The federal government has slashed the hours of thousands of its casual public servants and now it will not have to give them meal or tea breaks.
Workers who have spoken to Fairfax say the cut, to a maximum shift of five hours and as little as three, will see their families' incomes slashed by thousands of dollars each year.
The giant Department of Human Services, which employs the "intermittent and irregular employees" denies capping their hours and says it is making new shift offers based on "operational requirements".
But internal documentation shows casuals being told in early September that they could only be offered shifts of three, four or five hour durations and the change was being enforced nationally.
Many of the 3346 IIEs, who work mostly answering phones at Centrelink, Medicare or Child Support call centres, have been with the department for several years, many of them working full-time hours.
Their union says some employees have taken to working 14 days straight in a desperate bid to stem the loss of income from the hours cap.
The shift cap comes despite DHS significantly boosting its reliance on casuals, with the ranks of IIEs growing by 25 per cent in just 12 months.
Internal documentation shows supervisors casuals their new working arrangements means they are not entitled to breaks, although they can still have a five-minute "screen break" each hour.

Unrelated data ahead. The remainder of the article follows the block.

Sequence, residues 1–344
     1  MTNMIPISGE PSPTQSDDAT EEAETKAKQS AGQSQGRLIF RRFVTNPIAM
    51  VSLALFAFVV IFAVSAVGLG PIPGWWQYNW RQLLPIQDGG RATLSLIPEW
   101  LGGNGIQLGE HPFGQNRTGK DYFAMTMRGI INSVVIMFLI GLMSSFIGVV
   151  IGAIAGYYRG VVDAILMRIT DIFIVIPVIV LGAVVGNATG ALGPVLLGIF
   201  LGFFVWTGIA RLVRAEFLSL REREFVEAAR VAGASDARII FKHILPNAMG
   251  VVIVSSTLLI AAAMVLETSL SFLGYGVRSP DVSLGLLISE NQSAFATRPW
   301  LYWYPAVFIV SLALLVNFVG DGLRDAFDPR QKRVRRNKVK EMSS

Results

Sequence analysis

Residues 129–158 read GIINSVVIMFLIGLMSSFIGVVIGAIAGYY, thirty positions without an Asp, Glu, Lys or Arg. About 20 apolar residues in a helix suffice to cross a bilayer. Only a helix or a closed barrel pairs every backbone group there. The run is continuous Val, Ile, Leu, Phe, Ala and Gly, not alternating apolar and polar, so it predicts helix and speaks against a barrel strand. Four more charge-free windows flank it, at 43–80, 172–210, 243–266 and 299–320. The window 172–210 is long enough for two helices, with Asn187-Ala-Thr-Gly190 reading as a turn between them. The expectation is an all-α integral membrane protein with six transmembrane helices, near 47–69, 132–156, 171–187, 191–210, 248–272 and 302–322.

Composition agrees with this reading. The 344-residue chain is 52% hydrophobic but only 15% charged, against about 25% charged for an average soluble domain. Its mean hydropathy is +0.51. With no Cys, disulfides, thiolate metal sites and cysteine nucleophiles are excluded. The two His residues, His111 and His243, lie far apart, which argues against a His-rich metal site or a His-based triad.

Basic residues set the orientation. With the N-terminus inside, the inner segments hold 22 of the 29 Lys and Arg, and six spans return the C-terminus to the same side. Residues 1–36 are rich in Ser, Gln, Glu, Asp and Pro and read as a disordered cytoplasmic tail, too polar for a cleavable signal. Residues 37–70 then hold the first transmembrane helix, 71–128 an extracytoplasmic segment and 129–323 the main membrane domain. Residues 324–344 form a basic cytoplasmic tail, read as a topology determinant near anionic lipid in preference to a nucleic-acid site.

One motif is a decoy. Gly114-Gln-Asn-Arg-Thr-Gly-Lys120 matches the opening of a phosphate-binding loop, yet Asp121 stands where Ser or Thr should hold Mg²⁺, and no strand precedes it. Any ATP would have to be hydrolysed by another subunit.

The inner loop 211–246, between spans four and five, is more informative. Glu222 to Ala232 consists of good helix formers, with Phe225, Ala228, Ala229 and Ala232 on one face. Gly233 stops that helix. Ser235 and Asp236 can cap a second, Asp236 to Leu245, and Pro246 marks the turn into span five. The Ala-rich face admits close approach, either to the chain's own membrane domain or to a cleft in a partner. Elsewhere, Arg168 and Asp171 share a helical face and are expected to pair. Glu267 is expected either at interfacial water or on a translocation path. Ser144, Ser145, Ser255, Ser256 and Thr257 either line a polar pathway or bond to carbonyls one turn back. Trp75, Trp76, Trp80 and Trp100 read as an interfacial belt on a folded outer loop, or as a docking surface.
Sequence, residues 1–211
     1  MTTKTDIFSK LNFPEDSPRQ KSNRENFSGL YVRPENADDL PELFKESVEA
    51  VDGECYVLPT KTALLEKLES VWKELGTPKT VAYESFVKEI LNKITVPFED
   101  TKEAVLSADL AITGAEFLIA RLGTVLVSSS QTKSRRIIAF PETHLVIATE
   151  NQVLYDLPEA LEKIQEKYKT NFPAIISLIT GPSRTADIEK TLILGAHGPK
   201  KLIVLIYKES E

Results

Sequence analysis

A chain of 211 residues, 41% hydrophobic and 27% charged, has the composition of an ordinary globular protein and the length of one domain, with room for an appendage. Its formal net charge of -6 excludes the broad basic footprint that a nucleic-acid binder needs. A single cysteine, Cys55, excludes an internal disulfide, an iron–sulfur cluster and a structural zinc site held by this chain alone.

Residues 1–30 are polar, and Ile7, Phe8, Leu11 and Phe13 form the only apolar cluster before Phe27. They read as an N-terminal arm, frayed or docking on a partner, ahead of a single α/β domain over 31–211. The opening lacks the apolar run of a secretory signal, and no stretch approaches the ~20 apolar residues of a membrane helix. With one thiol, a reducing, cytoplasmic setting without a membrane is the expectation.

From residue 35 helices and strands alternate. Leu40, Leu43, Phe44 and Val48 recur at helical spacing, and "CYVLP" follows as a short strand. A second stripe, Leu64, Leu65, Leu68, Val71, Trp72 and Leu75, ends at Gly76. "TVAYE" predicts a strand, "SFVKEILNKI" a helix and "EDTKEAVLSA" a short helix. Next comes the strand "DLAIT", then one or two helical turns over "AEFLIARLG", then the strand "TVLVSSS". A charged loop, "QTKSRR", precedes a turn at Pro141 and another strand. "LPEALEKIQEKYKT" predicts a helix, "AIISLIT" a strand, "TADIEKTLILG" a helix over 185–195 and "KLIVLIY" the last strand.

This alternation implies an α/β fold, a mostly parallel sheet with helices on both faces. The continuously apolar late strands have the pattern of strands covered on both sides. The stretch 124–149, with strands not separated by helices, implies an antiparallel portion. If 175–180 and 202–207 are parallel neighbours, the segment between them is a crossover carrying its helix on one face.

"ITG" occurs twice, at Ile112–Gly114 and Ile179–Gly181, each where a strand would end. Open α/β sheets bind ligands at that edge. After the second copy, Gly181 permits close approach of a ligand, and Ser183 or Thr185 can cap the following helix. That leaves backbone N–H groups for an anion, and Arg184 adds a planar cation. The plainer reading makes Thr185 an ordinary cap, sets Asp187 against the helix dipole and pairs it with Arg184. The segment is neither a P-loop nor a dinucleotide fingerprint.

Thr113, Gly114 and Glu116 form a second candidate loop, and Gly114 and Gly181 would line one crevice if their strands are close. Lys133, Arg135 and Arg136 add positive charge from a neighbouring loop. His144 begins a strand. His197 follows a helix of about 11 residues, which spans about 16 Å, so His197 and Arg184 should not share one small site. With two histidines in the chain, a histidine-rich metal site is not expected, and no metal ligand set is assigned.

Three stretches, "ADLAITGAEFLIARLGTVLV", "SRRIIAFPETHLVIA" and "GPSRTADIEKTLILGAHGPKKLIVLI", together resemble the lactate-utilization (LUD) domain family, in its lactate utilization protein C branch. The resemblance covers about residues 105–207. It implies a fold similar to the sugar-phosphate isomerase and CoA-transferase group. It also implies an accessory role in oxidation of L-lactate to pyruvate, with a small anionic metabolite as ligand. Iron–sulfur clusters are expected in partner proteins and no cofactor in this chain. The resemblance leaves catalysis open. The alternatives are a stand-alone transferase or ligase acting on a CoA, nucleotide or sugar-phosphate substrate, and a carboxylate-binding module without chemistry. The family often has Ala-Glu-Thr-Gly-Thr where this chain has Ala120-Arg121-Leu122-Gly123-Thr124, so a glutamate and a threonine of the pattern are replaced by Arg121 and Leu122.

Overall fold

"There are no tea breaks as an IIE as your longest shift is 5 hours so you would not be entitled," a group of new casuals in Melbourne were told by a supervisor on Monday.
"You are allowed a 5 min screen break every hour."
Other workers have been told the five hour maximum was "occurring nationally" although Fairfax understands there are locations where casuals' hours have not been capped.
The Community and Public Sector Union says the move is "pretty tough" on thousands of families around the country, many of them in regional Australia.
CPSU official Lisa Newman, said the there had been no consultation prior to the "edict".
"It was a decision that was taken with no consultation and its caused a lot of financial hardship, people have taken to working every day they can, just to pay their bills," Ms Newman said.
"The department says there's been a fall-off in work, but I have to say that is not evident...demand for services is as strong as ever."
Ms Newman said she suspected a "treat 'em mean, keep 'em keen" strategy was at play.
"Make people desperate for income and they'll be less picky about when they work," the union official said.
"These are casual workers and 85 per cent of them want some pathway to permanent secure jobs.
"A lot of them have been working as many hours as they can to become as competitive as possible for full time work, so for those people, this is a double-slap."
A DHS spokesman denied that hours had been capped.
"Intermittent and Irregular Employee (IIE) shifts have not been capped at five hours," he said in a statement.
"The department has always made, and continues to make, shift offers of varying duration based on operational requirements.
"These casual workers are engaged for varying periods, within existing budgets and in line with Australian Public Service recruitment guidelines and legislation.
"The number of rostered shifts a casual worker receives is not guaranteed (as is usually the case with casual workers in any workplace), varies, and is influenced by his or her skills and the workload demand."
Clarification: An earlier version of this article referred to casuals not getting paid for tea or lunch breaks. Such breaks were not paid before the five hour cap was imposed.
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